A geotechnical site investigation is a geological survey that employs testing methods using both geotechnical equipment and onshore laboratory facilities. The common methods of acquiring data include soil sampling, CPT sampling, seismic, and ground penetrating radar methods. Most geotechnical investigations occur prior to construction projects to ensure ground stability and help the engineers design appropriate foundations. Another major use case is to monitor changes in the geology, or to evaluate failure chances of potential geological risk areas.
Companies are beginning to conduct regularly scheduled geotechnical investigations on tailings sites as a form of preventative maintenance. This will be critical for identifying high risk failure areas to prevent loss of life and destruction of the surrounding environment. Another valuable use case for geotechnical site investigations on tailings ponds is to identify the compaction of specific harmful tailings deposits. Understanding the deposit’s state will help the company know when it is ready to be reclaimed.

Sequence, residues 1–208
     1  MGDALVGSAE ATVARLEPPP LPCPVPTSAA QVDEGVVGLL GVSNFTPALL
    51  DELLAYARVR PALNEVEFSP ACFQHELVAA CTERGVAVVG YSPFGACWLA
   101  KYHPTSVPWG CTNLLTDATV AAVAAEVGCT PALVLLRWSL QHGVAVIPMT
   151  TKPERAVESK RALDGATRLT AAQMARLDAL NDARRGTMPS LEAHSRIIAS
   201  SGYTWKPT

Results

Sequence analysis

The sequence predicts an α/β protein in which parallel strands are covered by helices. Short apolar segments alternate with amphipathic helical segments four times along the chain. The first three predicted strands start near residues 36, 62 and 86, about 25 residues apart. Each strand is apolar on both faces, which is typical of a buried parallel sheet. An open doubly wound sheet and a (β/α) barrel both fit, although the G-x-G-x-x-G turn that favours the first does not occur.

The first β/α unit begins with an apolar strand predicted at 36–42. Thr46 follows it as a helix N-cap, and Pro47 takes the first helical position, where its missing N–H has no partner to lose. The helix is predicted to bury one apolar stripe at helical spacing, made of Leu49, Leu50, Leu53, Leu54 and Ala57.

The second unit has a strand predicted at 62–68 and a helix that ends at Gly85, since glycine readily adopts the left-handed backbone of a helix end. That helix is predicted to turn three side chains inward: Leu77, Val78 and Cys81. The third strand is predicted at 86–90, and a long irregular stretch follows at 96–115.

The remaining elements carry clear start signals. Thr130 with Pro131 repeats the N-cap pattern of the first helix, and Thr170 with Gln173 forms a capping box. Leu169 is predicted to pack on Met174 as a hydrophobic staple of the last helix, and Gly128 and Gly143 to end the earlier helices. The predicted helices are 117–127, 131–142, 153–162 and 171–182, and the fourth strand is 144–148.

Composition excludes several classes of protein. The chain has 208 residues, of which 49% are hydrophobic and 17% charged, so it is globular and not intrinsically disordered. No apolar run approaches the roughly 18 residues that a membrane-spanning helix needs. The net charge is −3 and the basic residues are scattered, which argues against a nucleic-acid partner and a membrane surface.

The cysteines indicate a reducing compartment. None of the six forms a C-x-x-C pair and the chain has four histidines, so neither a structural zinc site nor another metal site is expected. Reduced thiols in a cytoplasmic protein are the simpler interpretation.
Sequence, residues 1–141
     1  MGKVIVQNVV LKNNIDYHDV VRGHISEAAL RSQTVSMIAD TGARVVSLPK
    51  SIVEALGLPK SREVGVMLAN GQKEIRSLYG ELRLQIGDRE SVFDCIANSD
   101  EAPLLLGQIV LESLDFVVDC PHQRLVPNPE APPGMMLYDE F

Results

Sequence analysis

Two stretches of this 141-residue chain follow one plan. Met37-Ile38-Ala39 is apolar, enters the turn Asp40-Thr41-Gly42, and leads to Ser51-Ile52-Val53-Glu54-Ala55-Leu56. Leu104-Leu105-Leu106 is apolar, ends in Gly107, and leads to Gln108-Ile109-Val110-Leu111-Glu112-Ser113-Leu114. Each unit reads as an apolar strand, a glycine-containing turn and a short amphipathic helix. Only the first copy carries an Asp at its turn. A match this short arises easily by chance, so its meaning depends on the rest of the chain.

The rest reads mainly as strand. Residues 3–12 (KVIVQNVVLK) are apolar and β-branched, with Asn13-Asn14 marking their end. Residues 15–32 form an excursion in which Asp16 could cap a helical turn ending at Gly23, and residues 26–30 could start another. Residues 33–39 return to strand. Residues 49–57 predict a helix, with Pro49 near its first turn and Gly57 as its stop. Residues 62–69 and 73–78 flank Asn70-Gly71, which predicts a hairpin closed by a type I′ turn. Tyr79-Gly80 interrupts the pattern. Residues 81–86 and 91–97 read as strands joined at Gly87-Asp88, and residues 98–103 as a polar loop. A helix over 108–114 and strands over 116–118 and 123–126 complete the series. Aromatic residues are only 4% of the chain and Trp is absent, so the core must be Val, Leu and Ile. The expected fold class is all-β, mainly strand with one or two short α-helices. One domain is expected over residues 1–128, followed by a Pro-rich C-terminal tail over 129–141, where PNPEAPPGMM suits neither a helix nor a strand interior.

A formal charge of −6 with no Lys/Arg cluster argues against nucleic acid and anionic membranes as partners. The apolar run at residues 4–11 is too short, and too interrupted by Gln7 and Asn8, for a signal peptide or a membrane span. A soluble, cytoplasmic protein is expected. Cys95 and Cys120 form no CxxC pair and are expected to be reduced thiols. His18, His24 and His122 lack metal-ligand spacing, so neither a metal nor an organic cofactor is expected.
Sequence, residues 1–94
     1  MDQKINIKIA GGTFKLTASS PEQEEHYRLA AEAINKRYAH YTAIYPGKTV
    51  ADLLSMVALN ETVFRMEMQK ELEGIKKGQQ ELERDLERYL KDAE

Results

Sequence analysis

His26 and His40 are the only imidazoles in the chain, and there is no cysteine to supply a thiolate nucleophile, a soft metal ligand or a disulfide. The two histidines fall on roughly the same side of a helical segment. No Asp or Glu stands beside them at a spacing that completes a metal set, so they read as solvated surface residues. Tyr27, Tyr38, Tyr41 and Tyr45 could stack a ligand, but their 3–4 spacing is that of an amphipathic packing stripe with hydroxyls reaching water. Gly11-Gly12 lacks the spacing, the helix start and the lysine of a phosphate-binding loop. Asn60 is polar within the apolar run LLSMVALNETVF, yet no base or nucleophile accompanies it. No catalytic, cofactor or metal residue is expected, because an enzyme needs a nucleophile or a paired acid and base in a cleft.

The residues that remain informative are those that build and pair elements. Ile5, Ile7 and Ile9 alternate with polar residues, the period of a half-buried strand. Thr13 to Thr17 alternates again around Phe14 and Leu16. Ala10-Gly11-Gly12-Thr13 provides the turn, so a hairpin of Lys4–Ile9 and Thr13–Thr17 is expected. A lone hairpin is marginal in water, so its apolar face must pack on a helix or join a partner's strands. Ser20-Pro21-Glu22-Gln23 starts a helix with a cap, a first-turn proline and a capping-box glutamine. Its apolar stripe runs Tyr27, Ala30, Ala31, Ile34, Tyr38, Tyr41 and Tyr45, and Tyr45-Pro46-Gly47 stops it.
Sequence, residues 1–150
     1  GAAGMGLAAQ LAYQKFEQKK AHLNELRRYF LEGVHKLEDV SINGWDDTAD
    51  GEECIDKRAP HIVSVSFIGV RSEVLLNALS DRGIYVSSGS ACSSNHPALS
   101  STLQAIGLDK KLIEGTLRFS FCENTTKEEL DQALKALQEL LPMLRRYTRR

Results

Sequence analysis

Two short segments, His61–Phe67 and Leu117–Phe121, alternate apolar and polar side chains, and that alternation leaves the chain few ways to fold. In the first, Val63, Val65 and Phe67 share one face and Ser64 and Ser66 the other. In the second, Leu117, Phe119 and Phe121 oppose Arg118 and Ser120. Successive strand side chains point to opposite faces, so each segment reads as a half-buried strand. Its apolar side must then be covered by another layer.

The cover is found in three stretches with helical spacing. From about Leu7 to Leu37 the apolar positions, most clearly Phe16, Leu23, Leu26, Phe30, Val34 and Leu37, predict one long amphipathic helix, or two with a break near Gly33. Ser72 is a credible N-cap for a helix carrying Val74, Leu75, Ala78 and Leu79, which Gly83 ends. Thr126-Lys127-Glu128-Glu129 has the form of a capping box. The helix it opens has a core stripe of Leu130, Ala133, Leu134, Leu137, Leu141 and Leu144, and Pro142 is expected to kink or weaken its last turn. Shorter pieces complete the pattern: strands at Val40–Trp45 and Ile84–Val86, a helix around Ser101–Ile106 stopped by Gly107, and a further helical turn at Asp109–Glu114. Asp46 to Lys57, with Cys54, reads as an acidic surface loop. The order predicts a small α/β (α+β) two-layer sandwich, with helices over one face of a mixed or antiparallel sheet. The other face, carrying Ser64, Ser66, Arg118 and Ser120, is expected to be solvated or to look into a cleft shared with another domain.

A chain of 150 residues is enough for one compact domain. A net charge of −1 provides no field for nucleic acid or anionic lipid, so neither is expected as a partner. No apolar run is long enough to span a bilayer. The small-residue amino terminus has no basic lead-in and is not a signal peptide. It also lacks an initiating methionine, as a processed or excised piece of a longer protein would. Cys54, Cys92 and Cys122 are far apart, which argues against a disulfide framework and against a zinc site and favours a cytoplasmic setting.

Historically, there have been serious logistical issues conducting Geotechnical site investigations on tailings ponds at mining sites. From general toxicity, to muddy terrain, these ponds can be very costly and time consuming to collect data and test on. Copperstone Tech’s HELIX technology offers a solution that can easily venture to these difficult and toxic locations, offering an automated and safe alternative using a variety of testing methods. The HELIX platform has been outfitted with a variety of tools, including: soil sampling, Cone Penetration Testing (CPT), Vane Shear Testing (VST), Ground penetrating Radar (GPR), ice drilling/coring, and bathymetry tools. The helix is also fitted to deliver IOT payloads which can be remotely dropped and operated over a long time period for condition monitoring. The biggest advantages of using the HELIX system for site investigations is its ability to seamlessly test in both muddy areas, open water, and stable land.